SEA Electric has announced the launch of volume production of its first locally-assembled electric trucks, the SEA 300 and SEA 500.
In an announcement on Wednesday, the Melbourne-based electric truck company outlined the range of specifications for the trucks which are the first it is manufacturing from a base “knock-down” kit.
Previously, the eight-year old company has constructed electric trucks for custom applications for customers both in Australia and overseas by retrofitting its patented electric SEA drivetrain to diesel trucks.
Now, it is making the SEA-branded SEA 300 and SEA 500 (which are based on the Hino 300 and 500 series) from new using Hino SKD (Semi Knocked Down) kits, and will sell them through 15 dealerships throughout Australia.
“SEA Electric is privileged to be able to bring this Australian first to the marketplace,” said Glen Walker, SEA Electric regional director for Oceania in a statement.
“It represents an exciting phase in global EV development, and this places SEA Electric at the forefront.”
The SEA electric truck range is available in a variety of specifications with a maximum 280kWh battery capacity. This is available on the SEA 500-225 which offers a 6×2 axle configuration, maximum length of 9.24 metres and gross mass of 22.5 tonnes.
Driving range also varies depending on configurations but starts at 200km to a top of 300km, unladen, depending on which drivetrain is fitted.
While pricing will be determined by configuration options and application, a Walker said in a note by email to The Driven that expected payback time is four to five years thanks to the lower cost of ownership.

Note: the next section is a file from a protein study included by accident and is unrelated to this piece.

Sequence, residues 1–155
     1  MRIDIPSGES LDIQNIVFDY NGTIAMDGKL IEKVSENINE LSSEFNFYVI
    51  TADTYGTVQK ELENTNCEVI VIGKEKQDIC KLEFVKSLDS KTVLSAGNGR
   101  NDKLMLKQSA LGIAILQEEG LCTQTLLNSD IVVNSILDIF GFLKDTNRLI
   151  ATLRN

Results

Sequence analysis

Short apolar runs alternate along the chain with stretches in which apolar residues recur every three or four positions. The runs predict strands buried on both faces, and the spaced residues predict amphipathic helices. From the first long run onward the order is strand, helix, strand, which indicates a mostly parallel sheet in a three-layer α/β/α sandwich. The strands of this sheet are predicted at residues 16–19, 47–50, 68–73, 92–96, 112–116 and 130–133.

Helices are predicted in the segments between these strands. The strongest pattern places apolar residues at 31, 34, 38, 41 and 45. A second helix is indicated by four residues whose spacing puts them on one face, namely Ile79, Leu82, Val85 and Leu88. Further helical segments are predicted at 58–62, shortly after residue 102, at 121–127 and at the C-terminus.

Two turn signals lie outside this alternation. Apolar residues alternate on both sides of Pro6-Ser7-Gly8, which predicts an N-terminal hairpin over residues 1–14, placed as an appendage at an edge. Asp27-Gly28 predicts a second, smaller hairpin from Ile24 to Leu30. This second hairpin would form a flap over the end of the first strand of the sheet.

He also says that SEA Electric has already taken 46 orders for its SEA 300 and SEA 500, which can be customised to fit a range of applications including tippers, garbage trucks, cherry pickers and more.
Being electric, they offer a range of benefits for employers and drivers, including quiet operation, no smelly fumes and of course, zero tailpipe carbon emissions or other pollutants typical of diesel trucks such as nitrous oxide and methane.
“In Australia, carbon dioxide emissions from transport are now the second highest behind electricity generation, and are forecast to continue rising,” said Walker.
“With this announcement, the freight industry can now react – safe in the knowledge that their freight product offering will be enhanced in their clients’ eyes.
“Mass uptake of electric trucks in urban Australia has the potential to save up to millions of tonnes of CO2 each year, and provide up to 40,000 MWh of mobile battery storage, which is a potential future revenue stream,” he said.
Walker notes that the above benefits plus reduced vibrations which combine to decrease driver fatigue equal improved workplace health and safety conditions.
“SEA-Drive® technology performs exceptionally well in congested urban environments, where pollution reduction is needed most, and as demonstrated by real world experience from our global vehicle deployments it provides competitive whole of life operating costs when compared to traditional diesel vehicles,” he said.
To ensure the trucks are future-proofed, SEA Electric says it is using an upgradable plug-and-play architecture. In its current format, it can charge on a 415-volt 3 phase set up at a cost of about $14 a day (based on off-peak electricity prices of 15c/kWh).
Walker adds that, “There are a range of advantages provided by the SEA-Drive® Power-System, including reduced service costs, with a routine four-hour inspection required every six months, and minimal wear on service brakes due to the use of regenerative braking.”
The trucks can be ordered from 15 SEA Electric dealers nationwide that also provide service and parts support, including any work carried out under the standard three-year warranty. An SEA 280 will also be announced shortly.
“Having a strong dealer network and nationwide support structure in place, we are excited for the range to hit Australia’s roads,” Walker said.
This article has been updated with information about pricing and cost of ownership.
Bridie Schmidt is lead reporter for The Driven, sister site of Renew Economy. She specialises in writing about new technology and has been writing about electric vehicles for two years. She has a keen interest in the role that zero emissions transport has to play in sustainability and is co-organiser of the Northern Rivers Electric Vehicle Forum.